April 10, 2019 0 Comments

A very wet, cold, nonetheless glorious season start

It's the 4th of April, a Thursday like many others for most people but not for Design Corse.. This is our official start of the riding season and we have only one objective: having fun!
We will take you through our day while trying to explain (as much as words allow us) the feelings we were going through as well as pretty much everything that was done behind the scenes to prepare ourselves and the bike for this day.
First of all, let's introduce our weapon of choice shall we?
Ladies and gents here's our MV Agusta F3 800 MY2015, with brand new Pirelli Diablo Rosso Corsa II:
Now you'll say: that's no news, we've seen it before! Well, yes you did, but look at it closer and you'll start noticing just how much has been added to it since you last saw it. Let's list these changes as they are mostly oriented to help us and protect us on the track, well of course they also do look pretty cool, we're Design Corse after all ;)
CNC Racing Right and Left Clutch / Crankcase Sliders
Samco Performance hoses and clamps plus Engine Ice
That's a pretty list, not too extreme but also not too shabby! We had all we could ask for in terms of protection and riding comfort (those grippy footpegs are a godsend even when simply mounted of the OEM rearsets), giving us a chance to ride the bike with a more relaxed approach to the "DO NOT FALL" imperative, focusing more instead on everything else such as technique, the track itself, other riders and general enjoyment of the bike's sound and feel.


The alarms are set to 6:30, breakfast roll and a drink is included at the track's bar with the access so no need to take care of that somewhere else, plus the bar offers food and drinks throughout the day to keep energy levels high.
Arriving at the track we were greeted with a pretty sunrise, giving a hint of pink to the already massive sheet of clouds covering the area and therefore a bit of hope for decent weather during the day. As the temperature was just 1°C and the forecast showing a 70% to 100% chance of rain from midday onward, unfortunately, hope is all that was...


The track opens at 7:00 and the main obligatory briefing takes place at 8:15, this gave us enough time to have a quick chat with the other riders and making sure the bike was fuelled up and ready to go, one of the crucial points now is to make sure the bike would be under the 105db static noise limit, we warmed up the bike for a good 5 minutes until it reached 4/8 bars of engine temp and then went to the sound check marshal. A very stressful bit as our QD with all the baffles on measured 104 at our office, we hoped our £15 noise measuring tool worked alright. We point out our bike is a 3 cylinder and the marshal asks for a 5.5k rev for a few seconds, quick tap on the shoulder and a thumbs up from the marshal relieves our stress, 104db it was! Just enough to get it done. Now back to our paddock to apply our white number 520 to the headlight of the F3.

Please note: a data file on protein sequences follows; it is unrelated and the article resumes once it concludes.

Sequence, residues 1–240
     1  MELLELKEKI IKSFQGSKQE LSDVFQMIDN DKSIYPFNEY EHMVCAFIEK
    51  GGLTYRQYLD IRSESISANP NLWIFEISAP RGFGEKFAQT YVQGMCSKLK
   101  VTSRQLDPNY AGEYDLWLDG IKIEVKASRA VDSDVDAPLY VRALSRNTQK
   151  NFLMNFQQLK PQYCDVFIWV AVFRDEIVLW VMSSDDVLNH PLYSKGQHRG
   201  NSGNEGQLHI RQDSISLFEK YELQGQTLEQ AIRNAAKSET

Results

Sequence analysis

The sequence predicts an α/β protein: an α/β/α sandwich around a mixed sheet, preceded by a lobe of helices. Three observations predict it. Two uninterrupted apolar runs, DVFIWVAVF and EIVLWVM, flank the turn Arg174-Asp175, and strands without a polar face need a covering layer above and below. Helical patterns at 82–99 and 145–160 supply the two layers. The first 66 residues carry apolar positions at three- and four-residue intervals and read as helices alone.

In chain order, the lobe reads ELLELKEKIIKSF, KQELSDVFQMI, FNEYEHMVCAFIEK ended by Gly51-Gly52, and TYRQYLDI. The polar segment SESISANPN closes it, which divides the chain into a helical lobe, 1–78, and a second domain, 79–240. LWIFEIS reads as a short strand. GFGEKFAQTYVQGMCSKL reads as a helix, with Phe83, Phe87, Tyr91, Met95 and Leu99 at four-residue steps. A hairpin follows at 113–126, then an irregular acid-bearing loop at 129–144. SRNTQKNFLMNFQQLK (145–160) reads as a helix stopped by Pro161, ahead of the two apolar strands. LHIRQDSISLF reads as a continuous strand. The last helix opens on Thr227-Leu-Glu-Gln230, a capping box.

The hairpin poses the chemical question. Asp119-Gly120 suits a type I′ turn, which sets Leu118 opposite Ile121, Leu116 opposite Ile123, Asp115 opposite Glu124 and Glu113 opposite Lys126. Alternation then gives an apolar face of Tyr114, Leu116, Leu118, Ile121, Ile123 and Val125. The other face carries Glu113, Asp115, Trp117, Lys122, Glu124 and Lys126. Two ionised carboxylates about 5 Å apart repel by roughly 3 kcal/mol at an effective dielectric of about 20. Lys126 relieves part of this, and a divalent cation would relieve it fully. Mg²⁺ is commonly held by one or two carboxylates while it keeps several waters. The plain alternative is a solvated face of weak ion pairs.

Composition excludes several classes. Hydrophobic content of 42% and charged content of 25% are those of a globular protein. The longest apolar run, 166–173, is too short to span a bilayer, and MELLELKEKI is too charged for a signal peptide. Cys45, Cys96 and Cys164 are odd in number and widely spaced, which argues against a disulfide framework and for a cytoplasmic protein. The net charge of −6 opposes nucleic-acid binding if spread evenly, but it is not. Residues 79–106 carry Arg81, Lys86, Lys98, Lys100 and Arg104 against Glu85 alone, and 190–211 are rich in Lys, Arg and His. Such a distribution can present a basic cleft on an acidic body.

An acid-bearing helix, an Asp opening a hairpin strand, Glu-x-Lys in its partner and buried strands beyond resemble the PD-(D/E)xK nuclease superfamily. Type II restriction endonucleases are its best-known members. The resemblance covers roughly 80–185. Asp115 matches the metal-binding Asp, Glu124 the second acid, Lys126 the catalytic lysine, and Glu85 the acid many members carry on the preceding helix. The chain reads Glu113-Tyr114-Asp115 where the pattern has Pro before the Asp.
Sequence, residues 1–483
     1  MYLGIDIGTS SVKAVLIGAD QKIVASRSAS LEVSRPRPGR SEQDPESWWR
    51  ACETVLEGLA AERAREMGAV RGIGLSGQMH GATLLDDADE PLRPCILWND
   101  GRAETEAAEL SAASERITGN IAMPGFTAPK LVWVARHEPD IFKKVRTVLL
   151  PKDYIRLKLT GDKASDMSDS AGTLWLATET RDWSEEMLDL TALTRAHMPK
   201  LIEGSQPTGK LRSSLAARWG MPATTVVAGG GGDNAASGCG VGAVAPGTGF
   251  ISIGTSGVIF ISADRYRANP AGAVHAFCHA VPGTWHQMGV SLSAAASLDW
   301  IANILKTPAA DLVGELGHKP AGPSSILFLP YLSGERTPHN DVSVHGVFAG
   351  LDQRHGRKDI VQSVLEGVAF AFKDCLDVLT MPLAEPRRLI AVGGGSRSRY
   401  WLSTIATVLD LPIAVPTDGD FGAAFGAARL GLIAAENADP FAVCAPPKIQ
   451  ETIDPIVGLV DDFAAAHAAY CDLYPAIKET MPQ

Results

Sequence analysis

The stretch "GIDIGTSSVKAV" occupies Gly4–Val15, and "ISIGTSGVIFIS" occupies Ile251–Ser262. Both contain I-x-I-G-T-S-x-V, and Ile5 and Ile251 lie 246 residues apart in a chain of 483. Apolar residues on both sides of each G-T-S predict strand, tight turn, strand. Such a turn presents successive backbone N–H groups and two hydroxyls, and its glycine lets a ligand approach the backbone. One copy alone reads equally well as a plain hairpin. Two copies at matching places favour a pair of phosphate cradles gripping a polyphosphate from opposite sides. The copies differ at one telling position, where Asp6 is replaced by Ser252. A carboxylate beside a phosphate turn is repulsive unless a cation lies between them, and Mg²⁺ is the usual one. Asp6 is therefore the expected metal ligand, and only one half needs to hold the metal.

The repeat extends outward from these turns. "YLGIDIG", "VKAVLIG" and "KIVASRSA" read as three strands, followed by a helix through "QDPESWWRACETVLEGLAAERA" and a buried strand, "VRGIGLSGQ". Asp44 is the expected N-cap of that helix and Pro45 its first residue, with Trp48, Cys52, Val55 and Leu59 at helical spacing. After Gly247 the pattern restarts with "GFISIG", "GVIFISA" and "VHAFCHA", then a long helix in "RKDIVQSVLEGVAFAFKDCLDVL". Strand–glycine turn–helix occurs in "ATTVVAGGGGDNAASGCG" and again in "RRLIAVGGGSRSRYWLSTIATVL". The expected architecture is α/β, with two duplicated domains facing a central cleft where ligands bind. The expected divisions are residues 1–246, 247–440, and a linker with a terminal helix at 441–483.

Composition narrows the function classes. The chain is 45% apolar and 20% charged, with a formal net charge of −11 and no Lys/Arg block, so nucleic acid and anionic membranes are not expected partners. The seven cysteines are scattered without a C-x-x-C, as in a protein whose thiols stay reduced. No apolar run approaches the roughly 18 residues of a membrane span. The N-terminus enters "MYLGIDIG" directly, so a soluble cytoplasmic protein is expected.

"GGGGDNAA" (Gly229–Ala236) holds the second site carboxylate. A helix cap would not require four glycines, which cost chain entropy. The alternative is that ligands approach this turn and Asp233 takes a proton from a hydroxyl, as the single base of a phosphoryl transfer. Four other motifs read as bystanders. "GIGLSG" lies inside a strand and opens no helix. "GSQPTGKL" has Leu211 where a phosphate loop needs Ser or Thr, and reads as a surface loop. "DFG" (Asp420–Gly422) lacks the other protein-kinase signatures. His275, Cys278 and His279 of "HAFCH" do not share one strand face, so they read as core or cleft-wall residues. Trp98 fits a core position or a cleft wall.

As this was the first time on a track for our rider we were placed in the novice (white) group  to start with, with the possibility of being moved later on. The safety briefing was fun and it was where we could appreciate just how popular Silverstone circuit is, easily over 200 people were squeezed in paddock 3C to listen to the the wise words of the organisers during this cold and wet Thursday morning. We were given our briefing stickers and sent back to our own paddocks where we would wait about an hour before being allowed on the track, that's after the red (fast) and blue (Intermediate) groups. This is when our heads would be glued to the pits straight fence to hear and see the others fly towards corpse corner, hoping for some pops and bangs from the downshifts (they were there).


It's now 9:30 and only 20 minutes are left before the white group would be allowed on the track, the first sessions of the red and blue groups seemed to have removed some of the damp from pit straight, rain hasn't showed up yet but the temperature was still sitting between 2°C and 3°C, since we're mounting the Rosso Corsa II we weren't too worried about not having wet tires but the conditions were definitely far from ideal and we were told the back of the track was pretty much wet still. We dropped the pressure to 3.1 psi in front and 2.8 in the rear and made our peace with the fact that we were going to have to be extra careful.


9:40, the speaker announces the 10 minutes left to our session, everyone falls back from the pit fence and quietly, ecstatically goes to turn on their bikes to warm up a few minutes before the start.
It's a weird feeling, sitting on the saddle of your bike in such an environment knowing you're going to experience something different than what you've always had on the road. Perhaps excitement, doubt, nervousness and curiosity.